Wednesday, January 19, 2011

Gravlax, one of my favorites

Gravlax is one of those things that only seems really tricky to make, when really it's one of the easiest things to make. It's Salmon cured in salt, sugar and spices over several days. You slice it very thin then enjoy the crap out of it. The prep work for this takes just minutes once you get comfortable eyeballing out the portions. If you don't trust curing meat at home, then I'm sorry being such a huge cry baby is holding you back from enjoying one of my favorite foods.
This is what you need to make it happen.
-A Salmon portion (I got mine from Stop and Shop and curing is about all super market fish is good for. Go to a good fish market if you're having fish for dinner)
-Kosher salt
- Sugar (I use the raw kind)
-Fennel seeds
- Dill

I always have a bag of the salt mix in my cabinet and if I need more I just mix more straight into the bag I have. Which is what I'm doing here. As far as the measurements go I'm used to eyeballing it. These are the the rough measurements.
-2 cups salt
-3/4 cup sugar (maybe 1 cup)
- 2 tablespoons fennel seed
-3 tablespoons dried dill
You can't really mess it up unless you put too much fennel seed in, the taste will be very over powering so add with caution
I almost forgot black pepper goes in this as well, put in about a tablespoon. Fresh cracked is best even though it can be a pain.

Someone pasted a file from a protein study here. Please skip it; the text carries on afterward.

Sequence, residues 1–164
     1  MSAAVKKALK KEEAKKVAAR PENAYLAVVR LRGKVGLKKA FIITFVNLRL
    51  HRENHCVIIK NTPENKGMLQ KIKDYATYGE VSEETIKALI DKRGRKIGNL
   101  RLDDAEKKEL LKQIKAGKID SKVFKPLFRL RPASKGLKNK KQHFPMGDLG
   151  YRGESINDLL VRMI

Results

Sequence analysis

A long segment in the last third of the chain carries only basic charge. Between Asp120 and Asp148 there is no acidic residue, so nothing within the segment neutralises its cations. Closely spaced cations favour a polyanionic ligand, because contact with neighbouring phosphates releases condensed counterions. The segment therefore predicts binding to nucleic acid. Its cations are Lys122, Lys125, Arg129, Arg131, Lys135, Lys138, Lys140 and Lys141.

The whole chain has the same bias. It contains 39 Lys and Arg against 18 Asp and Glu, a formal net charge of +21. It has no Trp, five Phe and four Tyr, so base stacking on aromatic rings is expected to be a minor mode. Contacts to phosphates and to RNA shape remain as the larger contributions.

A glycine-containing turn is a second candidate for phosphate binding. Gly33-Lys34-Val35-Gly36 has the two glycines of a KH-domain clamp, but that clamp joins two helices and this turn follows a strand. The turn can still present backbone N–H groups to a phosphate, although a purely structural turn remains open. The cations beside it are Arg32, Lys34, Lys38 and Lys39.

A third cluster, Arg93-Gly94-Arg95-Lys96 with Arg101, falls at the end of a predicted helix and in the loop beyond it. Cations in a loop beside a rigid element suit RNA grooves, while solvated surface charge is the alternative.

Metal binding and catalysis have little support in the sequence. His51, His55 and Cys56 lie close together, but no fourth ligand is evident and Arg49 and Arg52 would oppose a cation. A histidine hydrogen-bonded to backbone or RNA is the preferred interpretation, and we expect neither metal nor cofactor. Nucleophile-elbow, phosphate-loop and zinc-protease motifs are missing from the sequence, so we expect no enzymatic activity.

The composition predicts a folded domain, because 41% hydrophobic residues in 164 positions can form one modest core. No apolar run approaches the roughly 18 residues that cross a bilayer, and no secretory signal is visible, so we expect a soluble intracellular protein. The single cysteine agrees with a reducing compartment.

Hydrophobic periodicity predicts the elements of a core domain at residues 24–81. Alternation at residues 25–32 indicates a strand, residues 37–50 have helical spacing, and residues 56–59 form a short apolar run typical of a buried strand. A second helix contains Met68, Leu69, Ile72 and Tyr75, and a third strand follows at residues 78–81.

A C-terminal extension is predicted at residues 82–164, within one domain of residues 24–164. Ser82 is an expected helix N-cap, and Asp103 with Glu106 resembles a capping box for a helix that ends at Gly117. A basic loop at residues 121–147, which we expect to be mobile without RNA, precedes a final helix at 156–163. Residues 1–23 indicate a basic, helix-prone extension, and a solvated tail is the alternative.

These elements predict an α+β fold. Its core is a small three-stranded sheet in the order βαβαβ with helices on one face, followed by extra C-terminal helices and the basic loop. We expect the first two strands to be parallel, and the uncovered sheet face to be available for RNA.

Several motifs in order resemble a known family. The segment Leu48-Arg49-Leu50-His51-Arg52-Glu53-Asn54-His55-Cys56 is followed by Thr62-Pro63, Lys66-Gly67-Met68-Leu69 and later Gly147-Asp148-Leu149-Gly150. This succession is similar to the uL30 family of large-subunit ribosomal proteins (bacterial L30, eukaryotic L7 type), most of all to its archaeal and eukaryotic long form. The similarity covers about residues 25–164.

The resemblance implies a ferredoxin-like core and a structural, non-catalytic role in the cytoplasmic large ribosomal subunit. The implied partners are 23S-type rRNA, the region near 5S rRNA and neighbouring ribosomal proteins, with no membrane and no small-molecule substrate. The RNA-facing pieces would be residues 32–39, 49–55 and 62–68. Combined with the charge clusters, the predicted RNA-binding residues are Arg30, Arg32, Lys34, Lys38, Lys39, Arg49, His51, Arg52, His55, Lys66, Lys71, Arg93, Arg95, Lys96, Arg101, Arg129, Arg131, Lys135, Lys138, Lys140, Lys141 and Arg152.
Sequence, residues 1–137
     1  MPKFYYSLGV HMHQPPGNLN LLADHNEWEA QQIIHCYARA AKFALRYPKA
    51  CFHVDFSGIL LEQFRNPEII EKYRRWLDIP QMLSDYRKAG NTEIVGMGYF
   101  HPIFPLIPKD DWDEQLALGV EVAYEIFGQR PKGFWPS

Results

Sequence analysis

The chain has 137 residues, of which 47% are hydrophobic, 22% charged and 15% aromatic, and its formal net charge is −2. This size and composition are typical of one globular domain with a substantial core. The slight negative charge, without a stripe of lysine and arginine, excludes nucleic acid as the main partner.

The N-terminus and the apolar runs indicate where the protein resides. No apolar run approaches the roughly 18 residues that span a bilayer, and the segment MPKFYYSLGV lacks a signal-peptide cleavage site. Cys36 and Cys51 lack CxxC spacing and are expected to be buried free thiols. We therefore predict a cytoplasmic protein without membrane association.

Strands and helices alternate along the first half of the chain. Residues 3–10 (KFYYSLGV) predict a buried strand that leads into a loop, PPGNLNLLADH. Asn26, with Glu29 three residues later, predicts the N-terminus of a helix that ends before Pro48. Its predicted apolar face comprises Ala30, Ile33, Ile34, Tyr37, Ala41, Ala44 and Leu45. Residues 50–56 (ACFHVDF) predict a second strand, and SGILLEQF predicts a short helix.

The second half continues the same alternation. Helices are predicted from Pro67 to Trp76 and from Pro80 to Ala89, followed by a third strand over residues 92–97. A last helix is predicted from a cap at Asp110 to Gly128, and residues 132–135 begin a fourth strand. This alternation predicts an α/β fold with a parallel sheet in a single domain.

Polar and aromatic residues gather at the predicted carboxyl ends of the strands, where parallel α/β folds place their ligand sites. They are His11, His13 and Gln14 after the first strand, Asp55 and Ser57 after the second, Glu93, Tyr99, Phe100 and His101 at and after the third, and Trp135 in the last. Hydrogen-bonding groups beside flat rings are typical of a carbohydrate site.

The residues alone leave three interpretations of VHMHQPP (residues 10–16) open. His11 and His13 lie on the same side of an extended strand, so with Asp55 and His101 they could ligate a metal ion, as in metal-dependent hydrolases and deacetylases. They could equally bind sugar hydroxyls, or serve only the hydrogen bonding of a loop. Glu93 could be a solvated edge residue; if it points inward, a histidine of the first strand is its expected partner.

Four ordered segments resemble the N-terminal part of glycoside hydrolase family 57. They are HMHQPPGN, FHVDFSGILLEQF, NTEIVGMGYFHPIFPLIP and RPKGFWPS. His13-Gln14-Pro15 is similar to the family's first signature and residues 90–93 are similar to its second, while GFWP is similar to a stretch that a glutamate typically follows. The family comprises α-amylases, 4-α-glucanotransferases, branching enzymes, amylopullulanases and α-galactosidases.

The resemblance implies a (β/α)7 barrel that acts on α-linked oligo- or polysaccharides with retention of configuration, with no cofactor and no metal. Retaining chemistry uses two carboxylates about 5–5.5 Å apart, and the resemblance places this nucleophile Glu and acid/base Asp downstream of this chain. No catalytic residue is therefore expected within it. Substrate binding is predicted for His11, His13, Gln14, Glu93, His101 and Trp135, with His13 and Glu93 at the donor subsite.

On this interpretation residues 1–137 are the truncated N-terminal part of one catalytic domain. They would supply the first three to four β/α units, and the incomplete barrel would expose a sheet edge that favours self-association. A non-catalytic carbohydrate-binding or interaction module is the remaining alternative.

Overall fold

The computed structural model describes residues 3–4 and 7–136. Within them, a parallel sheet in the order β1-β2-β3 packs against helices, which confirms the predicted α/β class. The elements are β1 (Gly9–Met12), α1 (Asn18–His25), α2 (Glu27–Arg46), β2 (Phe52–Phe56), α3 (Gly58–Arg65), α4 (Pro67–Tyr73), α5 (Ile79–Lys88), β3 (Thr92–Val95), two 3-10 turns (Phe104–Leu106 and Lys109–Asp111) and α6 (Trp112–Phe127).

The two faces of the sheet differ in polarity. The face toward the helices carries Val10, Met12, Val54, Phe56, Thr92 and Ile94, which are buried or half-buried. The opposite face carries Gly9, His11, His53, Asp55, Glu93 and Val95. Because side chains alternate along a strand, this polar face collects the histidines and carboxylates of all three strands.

Once everything is in the bag seal it up and give it a good shake. I find if you seal it with some air in the bag it mixes easier. And I know what you're thinking and the answer is yes, my hand IS very strong.
So now that we have our salt mix we're going to assemble everything. Hang in there kids this is were your motor skills come into play. Get a dinner plate and lay a piece of plastic wrap on top of the plate. This piece of wrap is about two feet long, so lay one of the ends over the plate. Now put enough salt on the the wrap to give the fish a nice bed. Pat it out.
Shake some more dill over the salt. For this part it's nice to have fresh chopped dill but dried is fine.
I trimmed that little skinny end of the fish off to make a more uniform piece of fish. This cut is about 3/4 of a pound. Try starting with a smaller cut around 1/2 pound, you'll still get plenty of product. I sprinkled more dill on the top of the fish.
More salt mix on the top of the fish, don't be stingy with it. You have to cover the whole fish with a nice layer

You are now going to wrap the fish up in the plastic like a pretty little package. Make sure you get as much air out as you can and wrap it up tight. You can use another piece of plastic wrap if you need to make sure it's snug.
So now it looks like this on the plate.

And stick it in your frig. I keep it on a plate because it will start to get leaky as it pulls the water from the fish out. I know it seems sort of icky, but we put it on a plate so at least it won't get on your shelf. I'm going to let it cure for three days, tomorrow before I go to work I'll give it a flip. When I come home from work I'll flip it again, and I'll keep doing this for the next three days. So three days from now I'll pull it out and show you the rest.

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